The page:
I hope to have some new posts up soon. In the meantime, here’s an essay I wrote about Australian author Gerald Murnane. It appeared in Music & Literature No. 3 many years ago, but never made it online. Thanks for reading!
Gerald Murnane’s Exquisite Failures
I saw nothing absurd in what I was doing—sitting at the heart of the scene I had dreamed of fifteen years before and yet dreaming further of another scene that would lead me at last into the real world. I had the pleasant suspicion that I was about to complete a neat pattern I had often admired as a subject of fiction. I might have been about to demonstrate that at the heart of every scene assumed to be real was at least one character imagining further scenes that would be closer still to reality. —Gerald Murnane
Gerald Murnane’s Landscape with Landscape comprises six interlinked narratives that echo one another, evoking a sort of chorus or book of possible lives about an anonymous, would-be writer.
The collection’s title is one we might expect to find on a gallery wall beside a symbolic realist painting. It might spur us to imagine a layered representation of a panoramic scene, complete in one sense yet with any given image partially concealing several others. Murnane’s choice to title this book as if it were a landscape painting is no gimmick: its six narrators are writers in the suburbs of Melbourne who are all obsessed with an abstract notion they call “landscape”—a metonym for a certain purpose in their lives, a far-off yet “peculiarly real” place inside each writer—and who have a common desire to hold such a place in their minds. Protecting the meaning of this private landscape and its purity as an idea secretly alive within them, in order to capture some or another part of it in their fiction, is the narrators’ shared tragicomic vocation.
In 2014, I wrote my first experimental book review and I’ve since written seven more, with plans to write as many as I can so long as people keep finding them interesting. Each one is a puzzle to write but I like what they allow me to do, as a form, compared to more traditional criticism. They’re written in third person about a critic, rather than as a critic. Each piece can stand alone, but if they are read sequentially, they show time passing for the critic, and her family, as her career goes on.
The latest review is about Russian author Ksenia Buksha’s novel, “Freedom Factory.” It was published this spring in the online cultural journal, The Critical Flame. Here’s an excerpt, with a link to the full piece below.
The next one will appear this summer in Textshop Experiments. It’s focused on “Aviaries,” a novel by the late Czech author Zuzana Brabcová.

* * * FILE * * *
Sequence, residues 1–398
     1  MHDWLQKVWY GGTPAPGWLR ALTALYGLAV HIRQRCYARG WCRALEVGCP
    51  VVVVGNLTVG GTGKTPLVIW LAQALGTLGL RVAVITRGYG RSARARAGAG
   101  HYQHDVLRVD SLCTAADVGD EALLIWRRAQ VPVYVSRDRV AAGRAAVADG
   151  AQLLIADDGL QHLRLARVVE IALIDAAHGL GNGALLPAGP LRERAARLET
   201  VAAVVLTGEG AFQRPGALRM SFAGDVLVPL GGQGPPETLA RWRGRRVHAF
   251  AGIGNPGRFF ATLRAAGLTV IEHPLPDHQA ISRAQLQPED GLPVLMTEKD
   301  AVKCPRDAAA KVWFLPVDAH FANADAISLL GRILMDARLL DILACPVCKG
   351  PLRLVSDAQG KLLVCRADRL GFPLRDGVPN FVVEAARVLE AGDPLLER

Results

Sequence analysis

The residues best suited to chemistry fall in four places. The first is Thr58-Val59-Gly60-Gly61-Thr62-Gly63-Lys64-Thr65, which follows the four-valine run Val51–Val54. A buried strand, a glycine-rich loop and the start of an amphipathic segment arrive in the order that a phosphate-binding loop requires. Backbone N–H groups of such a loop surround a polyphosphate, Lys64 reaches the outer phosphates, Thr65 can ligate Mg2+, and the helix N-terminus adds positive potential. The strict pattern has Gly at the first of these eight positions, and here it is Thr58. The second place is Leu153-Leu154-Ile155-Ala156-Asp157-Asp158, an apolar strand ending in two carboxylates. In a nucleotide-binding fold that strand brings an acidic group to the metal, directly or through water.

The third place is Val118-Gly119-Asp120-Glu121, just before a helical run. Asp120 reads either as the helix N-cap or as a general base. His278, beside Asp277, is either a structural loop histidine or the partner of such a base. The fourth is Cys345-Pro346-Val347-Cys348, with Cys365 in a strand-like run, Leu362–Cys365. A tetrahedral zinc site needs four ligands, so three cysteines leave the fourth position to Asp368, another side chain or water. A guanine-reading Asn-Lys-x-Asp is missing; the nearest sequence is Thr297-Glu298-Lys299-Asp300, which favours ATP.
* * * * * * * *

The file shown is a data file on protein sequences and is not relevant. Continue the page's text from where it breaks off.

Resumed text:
Party On: An experimental review of Freedom Factory
The critic had missed her deadline and couldn’t bring herself to care.
On her couch, with her laptop on the coffee table, she looked at her notes about the book and read a quote: “The factory is a continuation of my father.” Ksenia Buksha had placed it near the end of her book, in one of the more experimental chapters. It had been meant, the critic thought, to convey a sense of something spiritual about the way the place a person works can enter their lifeblood. Continue reading →
I recently shared the above photo of a tall stack of small books on Twitter. I enjoyed most of them and think my tastes lately have been running toward the sort of things writers do in a short book versus a long book.
There’s no use in trying to define short book or long book. Yes, there’s its size and page count but that hardly defines it as a book. Reading defines books. In terms of heft and the realities of production costs and potential film rights, in the U.S. so much of the market (we’re told) depends on the 300-page book that anyone who writes fiction is forced to grapple mentally with the meaning of this demanding animal for at least a little while as some kind of arbitrary standard.
The 300-page book’s magical powers are a mystery. If every writer could write one, they would, we are told. Meaning it’s foolish to take it lightly.
Every reader knows what their favorite big-name fantasy, romance, literary fiction, and crime authors will do in a 300-pager. The respective expectations are set. There are infinite possibilities within these templates and I enjoy them. Even if they’re an extra hundred or two hundred pages long, you still know you’re reading a 300-page book when you open it, and if you cross the 600-page mark, no worries. It’s still written in that enjoyable 300-page book prose and the extra 300 pages are probably good for the endurance.
Still, the absurd mystery of why 300-page-books are revered is bound up in money, but only for about 1 out of 10,000 novels. For my money, I can’t get away from liking the shorter books. Most of the very good long books usually could’ve been whittled down to 200 pages and really done something special. Or been pared down drastically into one good essay that cracked a fascist regime in half. Or a poem that led soldiers worldwide to abandon their posts. But these are not lucrative goals.
“Little books” are doing fine, of course, in terms of appearing often on Twitter and in blog posts. I hope their authors are, too. Here’s another photo of a few more.